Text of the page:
|Sherie Rene Scott in Everyday Rapture|
We have Megan Mullally to thank for Ms. Scott's presence on Broadway. Ms. Mullally quit the production of Lips Together, Teeth Apart leaving the Roundabout with a slot to fill. Everyday Rapture had a successful run at Second Stage in May of last year, extending twice and being nominated for two Lucille Lortel Awards. The very funny book by Dick Scanlan and Sherie Rene Scott is quasi-autobiographical, based on Ms. Scott's trajectory from Mennonite fag hag to Broadway semi-star (fag hag).
Michael Mayer, who also directed this season's American Idiot, directs this one woman (and two back-up singers and one very gay teenage boy) show with a light hand and helps give it its comedic edge. Tom Kitt, a recent winner of the Pulitzer Prize for Next to Normal, did the terrific orchestrations. The small ensemble was just the perfect size for Ms. Scott and her two "Mennonettes."
Scott is conflicted by her love for both Judy Garland and Jesus, whom she refers to as her "other absolute, all-time favorite." This results in an hilarious segment with Scott as Judy Garland singing "On the Atchison, Topeka and the Santa Fe," "Get Happy" and "You Made Me Love You," with Jesus replacing Clark Gable in the latter. A montage of familiar and some not so familiar drawings and paintings of Jesus plays on a screen overhead. (Thank goodness she wasn't raised a Muslim.)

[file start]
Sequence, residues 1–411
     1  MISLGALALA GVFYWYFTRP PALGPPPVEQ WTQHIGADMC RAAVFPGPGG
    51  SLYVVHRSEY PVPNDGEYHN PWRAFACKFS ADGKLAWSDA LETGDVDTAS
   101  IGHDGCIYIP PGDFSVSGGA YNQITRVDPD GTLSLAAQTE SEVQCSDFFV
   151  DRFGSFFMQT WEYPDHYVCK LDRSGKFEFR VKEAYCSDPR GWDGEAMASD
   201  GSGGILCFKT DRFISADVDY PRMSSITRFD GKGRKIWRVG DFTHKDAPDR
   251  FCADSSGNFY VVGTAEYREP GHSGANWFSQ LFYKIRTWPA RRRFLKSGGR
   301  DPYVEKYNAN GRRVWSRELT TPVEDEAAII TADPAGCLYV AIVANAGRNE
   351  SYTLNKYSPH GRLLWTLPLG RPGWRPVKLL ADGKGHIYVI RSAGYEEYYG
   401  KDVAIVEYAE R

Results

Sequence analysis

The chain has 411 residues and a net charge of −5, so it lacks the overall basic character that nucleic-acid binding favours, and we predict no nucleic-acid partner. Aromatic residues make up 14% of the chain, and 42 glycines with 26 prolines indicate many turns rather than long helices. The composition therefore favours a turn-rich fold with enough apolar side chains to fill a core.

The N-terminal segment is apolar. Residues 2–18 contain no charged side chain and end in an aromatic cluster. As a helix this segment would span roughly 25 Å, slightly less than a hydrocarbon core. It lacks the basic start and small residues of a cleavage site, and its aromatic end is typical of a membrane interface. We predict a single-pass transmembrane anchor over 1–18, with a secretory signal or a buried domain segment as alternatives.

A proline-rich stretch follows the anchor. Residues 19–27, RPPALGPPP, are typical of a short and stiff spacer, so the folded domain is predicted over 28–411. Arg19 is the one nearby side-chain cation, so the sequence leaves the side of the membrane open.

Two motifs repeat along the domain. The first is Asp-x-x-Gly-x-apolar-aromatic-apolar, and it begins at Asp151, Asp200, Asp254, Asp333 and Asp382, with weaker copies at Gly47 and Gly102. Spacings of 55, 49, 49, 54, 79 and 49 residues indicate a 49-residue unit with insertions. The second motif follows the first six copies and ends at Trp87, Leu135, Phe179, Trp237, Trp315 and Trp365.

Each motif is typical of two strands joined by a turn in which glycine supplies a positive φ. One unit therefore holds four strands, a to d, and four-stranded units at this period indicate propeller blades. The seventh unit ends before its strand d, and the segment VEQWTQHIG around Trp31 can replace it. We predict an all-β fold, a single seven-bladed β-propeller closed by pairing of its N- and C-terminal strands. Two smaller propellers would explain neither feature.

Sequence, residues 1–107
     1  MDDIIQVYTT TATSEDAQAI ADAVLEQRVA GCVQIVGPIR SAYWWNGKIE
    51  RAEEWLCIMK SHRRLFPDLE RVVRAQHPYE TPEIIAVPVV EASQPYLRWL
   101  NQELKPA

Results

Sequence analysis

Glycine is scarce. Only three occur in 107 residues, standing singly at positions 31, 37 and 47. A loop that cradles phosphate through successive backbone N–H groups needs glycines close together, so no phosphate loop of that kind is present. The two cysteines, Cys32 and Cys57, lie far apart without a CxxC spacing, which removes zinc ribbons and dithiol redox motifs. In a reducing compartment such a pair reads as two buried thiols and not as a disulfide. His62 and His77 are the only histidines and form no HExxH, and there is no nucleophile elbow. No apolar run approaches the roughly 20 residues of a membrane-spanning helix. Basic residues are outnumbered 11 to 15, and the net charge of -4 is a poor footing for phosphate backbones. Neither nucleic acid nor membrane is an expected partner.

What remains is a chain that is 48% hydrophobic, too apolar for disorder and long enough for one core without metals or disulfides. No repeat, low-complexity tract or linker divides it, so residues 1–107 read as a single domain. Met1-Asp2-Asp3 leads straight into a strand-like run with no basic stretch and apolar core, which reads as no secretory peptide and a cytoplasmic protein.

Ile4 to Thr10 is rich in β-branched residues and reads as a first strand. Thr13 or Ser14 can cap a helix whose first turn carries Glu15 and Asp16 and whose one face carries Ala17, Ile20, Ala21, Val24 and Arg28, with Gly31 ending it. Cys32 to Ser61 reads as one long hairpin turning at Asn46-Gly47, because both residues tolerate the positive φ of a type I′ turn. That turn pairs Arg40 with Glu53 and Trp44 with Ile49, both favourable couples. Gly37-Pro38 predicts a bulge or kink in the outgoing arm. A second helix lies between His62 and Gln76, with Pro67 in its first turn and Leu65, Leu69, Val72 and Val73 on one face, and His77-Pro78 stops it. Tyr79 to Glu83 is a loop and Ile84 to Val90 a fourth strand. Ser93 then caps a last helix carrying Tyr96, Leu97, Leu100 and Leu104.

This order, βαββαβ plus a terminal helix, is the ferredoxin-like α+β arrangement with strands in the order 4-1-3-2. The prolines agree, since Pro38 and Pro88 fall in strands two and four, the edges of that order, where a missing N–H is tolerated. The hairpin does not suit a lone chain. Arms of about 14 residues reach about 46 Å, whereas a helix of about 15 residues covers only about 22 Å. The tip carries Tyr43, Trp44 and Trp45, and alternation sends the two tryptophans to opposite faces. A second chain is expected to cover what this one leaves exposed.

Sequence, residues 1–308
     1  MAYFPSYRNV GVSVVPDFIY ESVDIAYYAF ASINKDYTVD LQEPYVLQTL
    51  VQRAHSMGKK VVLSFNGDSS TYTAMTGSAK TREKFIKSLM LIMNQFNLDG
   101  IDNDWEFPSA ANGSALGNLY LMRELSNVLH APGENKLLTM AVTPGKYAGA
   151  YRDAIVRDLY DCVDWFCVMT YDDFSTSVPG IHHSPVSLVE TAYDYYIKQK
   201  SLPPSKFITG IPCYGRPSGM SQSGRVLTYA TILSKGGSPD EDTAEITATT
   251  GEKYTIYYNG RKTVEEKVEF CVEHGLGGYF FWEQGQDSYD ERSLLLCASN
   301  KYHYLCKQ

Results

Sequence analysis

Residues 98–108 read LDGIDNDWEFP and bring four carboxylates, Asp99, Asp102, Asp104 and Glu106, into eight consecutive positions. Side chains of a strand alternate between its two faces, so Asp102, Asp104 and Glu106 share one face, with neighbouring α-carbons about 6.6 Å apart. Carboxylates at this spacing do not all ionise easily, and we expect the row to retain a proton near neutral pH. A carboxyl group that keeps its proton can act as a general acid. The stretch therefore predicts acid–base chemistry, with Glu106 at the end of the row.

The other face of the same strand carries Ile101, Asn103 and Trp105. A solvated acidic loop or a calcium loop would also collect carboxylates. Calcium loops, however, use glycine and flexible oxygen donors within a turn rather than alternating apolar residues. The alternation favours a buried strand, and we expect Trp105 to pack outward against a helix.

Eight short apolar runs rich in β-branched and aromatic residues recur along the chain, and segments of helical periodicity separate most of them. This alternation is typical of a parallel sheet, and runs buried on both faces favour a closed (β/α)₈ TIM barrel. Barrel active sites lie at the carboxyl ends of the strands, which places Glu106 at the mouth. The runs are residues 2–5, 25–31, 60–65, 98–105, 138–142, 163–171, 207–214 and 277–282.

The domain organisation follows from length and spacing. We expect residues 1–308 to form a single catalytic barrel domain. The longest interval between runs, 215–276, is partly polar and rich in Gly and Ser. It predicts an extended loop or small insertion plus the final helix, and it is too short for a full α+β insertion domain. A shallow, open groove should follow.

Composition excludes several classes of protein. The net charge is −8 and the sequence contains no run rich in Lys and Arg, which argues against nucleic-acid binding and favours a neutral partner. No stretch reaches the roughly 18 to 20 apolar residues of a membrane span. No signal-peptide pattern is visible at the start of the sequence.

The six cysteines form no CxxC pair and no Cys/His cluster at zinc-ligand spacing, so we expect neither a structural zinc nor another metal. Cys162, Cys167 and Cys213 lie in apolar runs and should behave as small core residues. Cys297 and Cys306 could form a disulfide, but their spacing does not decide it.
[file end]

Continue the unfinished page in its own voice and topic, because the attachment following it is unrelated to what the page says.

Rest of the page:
Lindsay Mendez, Sherie Rene Scott and Betsy Wolfe in Everyday Rapture
Around this same time Scott found everyone's neighbor Fred Rodgers, who as it happens is also an ordained minister. She refers to Fred Phelps and Mr. Rodgers as her two Rev. Freds. Thankfully Fred Phelps is exposed for what he truly is, a nasty, mean, unchristian monster who has bred an entire family of hate-mongers.
Scott doesn't dance in Everyday Rapture so much as bounce through Michele Lynch's choreography. It almost seems perfect on the tinker-toy/outer space inspired stage designed by Christine Jones with a skittles-colored lighting pallet by Kevin Adams. Both Jones and Adams worked with Mayer on American Idiot.
Despite the modesty demanded by her half-Mennonite self, Scott learns that she can have both humility and greatness as Broadway's "biggest, brightest semi-stars!" I loved this show, thanks Megan!